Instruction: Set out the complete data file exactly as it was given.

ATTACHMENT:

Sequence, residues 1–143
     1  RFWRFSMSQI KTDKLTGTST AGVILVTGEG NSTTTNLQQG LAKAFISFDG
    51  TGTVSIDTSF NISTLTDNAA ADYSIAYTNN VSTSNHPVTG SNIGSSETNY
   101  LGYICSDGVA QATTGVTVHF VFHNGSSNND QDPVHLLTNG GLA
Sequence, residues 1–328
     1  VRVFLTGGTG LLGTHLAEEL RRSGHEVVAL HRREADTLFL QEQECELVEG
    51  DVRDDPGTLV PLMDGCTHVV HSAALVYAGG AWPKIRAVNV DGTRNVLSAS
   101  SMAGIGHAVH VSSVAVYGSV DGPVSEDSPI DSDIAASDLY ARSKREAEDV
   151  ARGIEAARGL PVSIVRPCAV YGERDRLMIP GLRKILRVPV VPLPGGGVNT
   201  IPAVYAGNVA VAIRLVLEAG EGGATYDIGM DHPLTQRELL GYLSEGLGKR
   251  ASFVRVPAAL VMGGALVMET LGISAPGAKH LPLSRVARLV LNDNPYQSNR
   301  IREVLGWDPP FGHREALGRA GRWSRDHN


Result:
Sequence, residues 1–143
     1  RFWRFSMSQI KTDKLTGTST AGVILVTGEG NSTTTNLQQG LAKAFISFDG
    51  TGTVSIDTSF NISTLTDNAA ADYSIAYTNN VSTSNHPVTG SNIGSSETNY
   101  LGYICSDGVA QATTGVTVHF VFHNGSSNND QDPVHLLTNG GLA
Sequence, residues 1–328
     1  VRVFLTGGTG LLGTHLAEEL RRSGHEVVAL HRREADTLFL QEQECELVEG
    51  DVRDDPGTLV PLMDGCTHVV HSAALVYAGG AWPKIRAVNV DGTRNVLSAS
   101  SMAGIGHAVH VSSVAVYGSV DGPVSEDSPI DSDIAASDLY ARSKREAEDV
   151  ARGIEAARGL PVSIVRPCAV YGERDRLMIP GLRKILRVPV VPLPGGGVNT
   201  IPAVYAGNVA VAIRLVLEAG EGGATYDIGM DHPLTQRELL GYLSEGLGKR
   251  ASFVRVPAAL VMGGALVMET LGISAPGAKH LPLSRVARLV LNDNPYQSNR
   301  IREVLGWDPP FGHREALGRA GRWSRDHN